All’s Fair in Love and War?

Helen of TroyThat cliche “All’s fair in love and war” brings up thoughts of intrigue and deception, giving the impression that no one can be trusted in such emotionally charged situations.

I’m not sure that’s a reasonable conclusion all the time, but it certainly too often rings true. Yes, we will do just about anything for love. (I don’t know as much about war, at least not in the “usual” sense.) I know some of the things I did “for love” when Al and I were getting to know each other. Pretty crazy when I think about it now.

If you had to think of a picture illustrating love, what would you choose?

  • A mother nurturing her baby?
  • A young man on one knee asking his lady for her hand?
  • Feelings of well-being while in your loved one’s embrace?
  • Jesus holding out his hand, saying, “I forgive you”?
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Step-Parenting for Adults

MemoriesParenting is forever. Sure, the details change through the years. And for the most part the load often gets lighter. But children are always on your heart. You will ALWAYS be a mom or a dad.

And the same goes for step-parenting. Some of those realities have become especially clear to me recently. I married late in life – I was 48. My husband had two adult sons with families of their own. I became a step-mother under perhaps the easiest of possible circumstances. And yet there was still a very real process of adjustment in becoming a family.

I had it easy. My husband was very clear about where I stood in his heart, and I never felt I had to compete with his boys for his affection. His sons and their wives welcomed me gladly into the family, and we never felt any resistance from them about our marriage. There have been no fights with an ex-spouse, no shuffling kids back and forth between two parents, or any of the other painful dramas many step-families must address.

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Wisdom to Know the Difference

Praying HandsSeptember is Recovery Month. That means something to millions of people who have been or are part of a 12-Step program of recovery from some type of addiction/dysfunction, or many related programs. If you’re one of them, it’s almost certain you know – and probably can recite – the Serenity Prayer:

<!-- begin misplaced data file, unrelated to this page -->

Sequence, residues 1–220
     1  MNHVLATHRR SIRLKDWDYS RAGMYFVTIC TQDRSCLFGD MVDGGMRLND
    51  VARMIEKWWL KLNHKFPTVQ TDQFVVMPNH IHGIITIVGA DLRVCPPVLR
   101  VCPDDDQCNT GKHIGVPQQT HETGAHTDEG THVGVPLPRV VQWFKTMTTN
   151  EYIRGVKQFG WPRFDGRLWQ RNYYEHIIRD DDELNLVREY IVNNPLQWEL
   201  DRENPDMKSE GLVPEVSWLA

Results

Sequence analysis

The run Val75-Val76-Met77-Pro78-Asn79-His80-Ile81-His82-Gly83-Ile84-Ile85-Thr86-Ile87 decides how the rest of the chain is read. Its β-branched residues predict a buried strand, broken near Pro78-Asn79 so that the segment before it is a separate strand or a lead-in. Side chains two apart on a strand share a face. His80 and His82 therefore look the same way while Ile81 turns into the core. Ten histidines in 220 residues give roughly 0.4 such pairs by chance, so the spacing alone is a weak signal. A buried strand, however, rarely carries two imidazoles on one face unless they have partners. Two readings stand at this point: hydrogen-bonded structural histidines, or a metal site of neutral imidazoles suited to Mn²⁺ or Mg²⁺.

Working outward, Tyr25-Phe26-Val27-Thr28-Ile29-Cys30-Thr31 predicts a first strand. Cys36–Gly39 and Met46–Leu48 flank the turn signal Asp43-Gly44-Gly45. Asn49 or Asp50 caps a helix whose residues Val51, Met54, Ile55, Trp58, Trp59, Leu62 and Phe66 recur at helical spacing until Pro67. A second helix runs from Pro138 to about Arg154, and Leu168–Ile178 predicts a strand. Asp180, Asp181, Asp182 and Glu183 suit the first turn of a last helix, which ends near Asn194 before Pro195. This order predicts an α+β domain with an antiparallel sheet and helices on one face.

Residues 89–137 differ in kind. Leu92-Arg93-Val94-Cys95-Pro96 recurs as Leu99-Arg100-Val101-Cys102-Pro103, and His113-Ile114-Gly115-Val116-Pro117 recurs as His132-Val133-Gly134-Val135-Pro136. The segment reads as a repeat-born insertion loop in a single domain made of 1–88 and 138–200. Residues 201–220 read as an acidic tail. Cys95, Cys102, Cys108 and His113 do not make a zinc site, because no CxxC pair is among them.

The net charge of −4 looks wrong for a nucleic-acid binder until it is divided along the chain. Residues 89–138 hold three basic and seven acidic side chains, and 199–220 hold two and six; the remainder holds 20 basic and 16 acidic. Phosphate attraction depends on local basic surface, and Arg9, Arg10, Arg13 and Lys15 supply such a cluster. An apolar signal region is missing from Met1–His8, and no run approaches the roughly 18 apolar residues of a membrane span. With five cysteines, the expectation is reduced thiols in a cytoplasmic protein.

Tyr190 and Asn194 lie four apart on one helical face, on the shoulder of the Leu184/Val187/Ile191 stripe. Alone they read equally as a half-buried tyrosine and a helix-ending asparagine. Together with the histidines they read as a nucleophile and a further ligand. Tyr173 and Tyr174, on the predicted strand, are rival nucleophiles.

“God, grant me the Serenity to accept the things I cannot change, the Courage to change the things I can, and the Wisdom to know the difference.”

Don’t we get into trouble when we neglect any of those three points? When we fight against those things we cannot change we only wear ourselves out. We become miserable to be around. We become frustrated, anxious, and often angry and bitter. Getting into a negative emotional rut is almost certain. And if you’re fighting an addiction, all that misery certainly sets one up for a relapse.

When we shrink from doing what is within our power to change we are no less miserable. Waiting for anyone, even God, to do for us what we CAN do for ourselves leaves us feeling hopeless and powerless, while becoming weaker all the time. You wonder why things seem to work out for everyone else but not for you. And again, if you’re fighting an addiction it’s a setup for a relapse.

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Doctor, Doctor: Are You Addicted?

PillsAlcohol. Drugs – legal and illegal. Tobacco. Those are the “usual suspects.”

But there are a whole lot more: food, pornography, sex, gambling, internet/tech use, exercise, and more.

Is addiction a physical problem? A mental health issue? A spiritual matter?

Yes, yes, and yes. It’s all those. And if you struggle with any addiction and you don’t address each one of these areas, you are very unlikely to experience any real healing or relief. As with most things, it’s a matter of body, mind, and soul.

A whole movement has come about convinced that addiction is a disease. Calling addiction a disease does emphasize some things that are true about any addiction.

Being addicted is not a matter of weakness.

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Five Daily Choices in your Relationship

Happy CoupleLet’s be honest – sometimes we just don’t feel like it. We don’t feel like being kind, or loving, or healthy, or spiritual, or much of anything else. Sometimes it feels easier to just snap! Or pout. Or go away somewhere.

Yes, there are times we all feel like binging on self-pity, or anger, or negativity. It may feel just as appealing as binging on potato chips or ice cream. And just as damaging!

There are a few basic things we each need to pay attention to in preserving our mental health and keeping our relationships strong. Most of us need enough sleep, reasonably good nutrition, and a measure of physical health. We need to be in relationship with other people who care about us and are supportive when we need them. We need mental stimulation, spiritual nurturing, and a growing relationship with God. The more of those factors are missing in our lives the more emotionally vulnerable we will be, and our relationships will most certainly suffer.

But even though we may feel like acting badly, we have a choice. And that is never truer than in our closest relationships.

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